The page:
On March 14, 1991, Jerome Solon Felder aka Doc Pomus died aged 65. He was singer and songwriter, co-writer (together with Mort Shuman) of big number of hits, many of them became rock and roll standards, including: “A Teenager in Love”, “Save The Last Dance For Me”, “Hushabye”, “This Magic Moment”, “Turn Me Loose”, “Sweets For My Sweet”, “Go, Jimmy, Go”, “Little Sister”, “Can’t Get Used to Losing You”, “Suspicion”, “Surrender” and “His Latest Flame”. He also co-wrote with Phil Spector few successful tracks including “Young Boy Blues”, “Ecstasy”, “First Taste of Love” and “What Am I to Do?” His songs were performed by hundreds of artists including The Beatles, Ray Charles, Elvis Presley, Elvis Costello, Dean Martin, Andy Williams, Bad Company, Leonard Cohen, Van Morrison, Led Zeppelin, Bruce Springsteen, Michael Buble, Dolly Parton, Joe Cocker, ZZ Top, Emmy Lou Harris, Bob Dylan, Brian Wilson, Harry Nilsson, John Hiatt, The Beach Boys, B.B. King, Dion, The New York Dolls, Shawn Colvin and Los Lobos. As singer Pomus performed with Milt Jackson, Mickey Baker, and King Curtis. In 1991 he was inducted into the “Rock and Roll Hall of Fame”, in 1992, in the “Songwriters Hall of Fame”, and in 2012 into the “Blues Hall of Fame”.
On January 31, 2019, Harold Ray Bradley died aged 93. He was musician (guitar) and music producer, part of the Nashville A-Team of session players. He recorded and performed with numerous musicians including Ernest Tubb, Red Foley, Hank Williams, Patsy Cline, Brenda Lee, Roy Orbison, Buddy Holly, Elvis Presley, Bill Chinnock, The Everly Brothers, Slim Whitman, Loretta Lynn and Willie Nelson. Bradley is regarded as one of the most recorded guitarists in the history of music. As leader he released five albums.
On December 15, 1944, Alton Glenn Miller died aged 40. He was musician (trombone), composer, arranger, and big-band leader, working in the swing era. Leading the best known big band, in the period 1939 – 1942, he was the best-selling recording artist, with 16 number-one records, and 69 top ten hits (more than Elvis Presley and the Beatles in their careers). Three of his compositions were inducted into the “Grammy Hall of Fame” – in 1983 “In the Mood”, in 1996 “Chattanooga Choo Choo”, and in 1991 “Moonlight Serenade”.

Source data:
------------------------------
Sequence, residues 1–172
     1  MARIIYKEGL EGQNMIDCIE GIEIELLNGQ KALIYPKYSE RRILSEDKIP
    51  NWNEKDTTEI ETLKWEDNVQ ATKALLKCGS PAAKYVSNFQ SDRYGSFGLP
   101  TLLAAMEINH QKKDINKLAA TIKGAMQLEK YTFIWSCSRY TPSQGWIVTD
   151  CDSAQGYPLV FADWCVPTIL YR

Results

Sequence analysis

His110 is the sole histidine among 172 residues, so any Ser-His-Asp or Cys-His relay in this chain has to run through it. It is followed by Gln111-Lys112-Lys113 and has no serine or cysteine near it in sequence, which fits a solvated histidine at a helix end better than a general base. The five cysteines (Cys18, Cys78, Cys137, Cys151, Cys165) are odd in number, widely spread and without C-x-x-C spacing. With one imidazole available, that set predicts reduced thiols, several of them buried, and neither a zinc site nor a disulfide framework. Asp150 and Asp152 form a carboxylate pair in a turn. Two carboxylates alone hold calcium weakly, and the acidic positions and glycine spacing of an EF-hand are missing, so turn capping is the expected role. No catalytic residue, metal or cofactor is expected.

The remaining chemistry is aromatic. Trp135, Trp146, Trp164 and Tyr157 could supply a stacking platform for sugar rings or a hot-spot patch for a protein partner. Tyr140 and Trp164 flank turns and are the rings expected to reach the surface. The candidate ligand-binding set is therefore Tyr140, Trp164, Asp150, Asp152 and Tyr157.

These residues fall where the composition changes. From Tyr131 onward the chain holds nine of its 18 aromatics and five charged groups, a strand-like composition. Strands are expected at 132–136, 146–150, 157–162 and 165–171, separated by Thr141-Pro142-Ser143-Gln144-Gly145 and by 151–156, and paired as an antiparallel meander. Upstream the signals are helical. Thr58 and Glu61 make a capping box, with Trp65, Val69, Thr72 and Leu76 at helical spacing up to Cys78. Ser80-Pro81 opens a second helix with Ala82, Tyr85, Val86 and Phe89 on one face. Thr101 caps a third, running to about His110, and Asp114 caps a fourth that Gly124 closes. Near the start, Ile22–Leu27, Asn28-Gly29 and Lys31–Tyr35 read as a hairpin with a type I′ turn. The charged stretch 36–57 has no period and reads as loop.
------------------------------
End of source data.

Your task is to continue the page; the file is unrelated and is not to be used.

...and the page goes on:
On December 3, 2001, Thomas Grady Martin died aged 72. He was musician (guitar), founder and leader of the band Grady Martin and Slew Foot Five (later Grady Martin and his Winging Strings). As a session guitarist he was member of the Nashville A-team, and in his 50-year career he recorded and performed with Elvis Presley, Buddy Holly, Roy Orbison, Loretta Lynn, Johnny Cash, Leon Russell, Patsy Cline, J. J. Cale, Woody Guthrie, Johnny Horton, Conway Twitty, Joan Baez, Kris Kristofferson, Arlo Guthrie, Brenda Lee, Don Woody, Sammi Smith, Marty Robbins, and Johnny Burnette. In March 2015, Martin was inducted in the “Country Music Hall of Fame”.
On November 23, 1960, “RCA Victor” label released “His Hand in Mine”, the fifth Elvis Presley studio album. It was recorded in October 1960, and was produced by Steve Sholes.
- Elvis Presley – vocals, acoustic guitar
- Scotty Moore – electric guitar
- Hank Garland – acoustic guitar
- Floyd Cramer – piano
- Bob Moore – double bass
- D.J. Fontana, Buddy Harman – drums
- Boots Randolph – saxophone
- The Jordanaires – backing vocals
- Millie Kirkham – backing vocals
- Charlie Hodge – harmony and backing vocals
- His Hand in Mine – Mosie Lister
- I’m Gonna Walk Dem Golden Stairs – Cully Holt
- In My Father’s House – Aileene Hanks, arranger by Elvis Presley
- Milky White Way – Landers Coleman, arranged by Elvis Presley
- Known Only to Him – Stuart Hamblen
- I Believe in the man in the Sky – Richard Howard
- Joshua Fit the Battle – traditional, arranged by Elvis Presley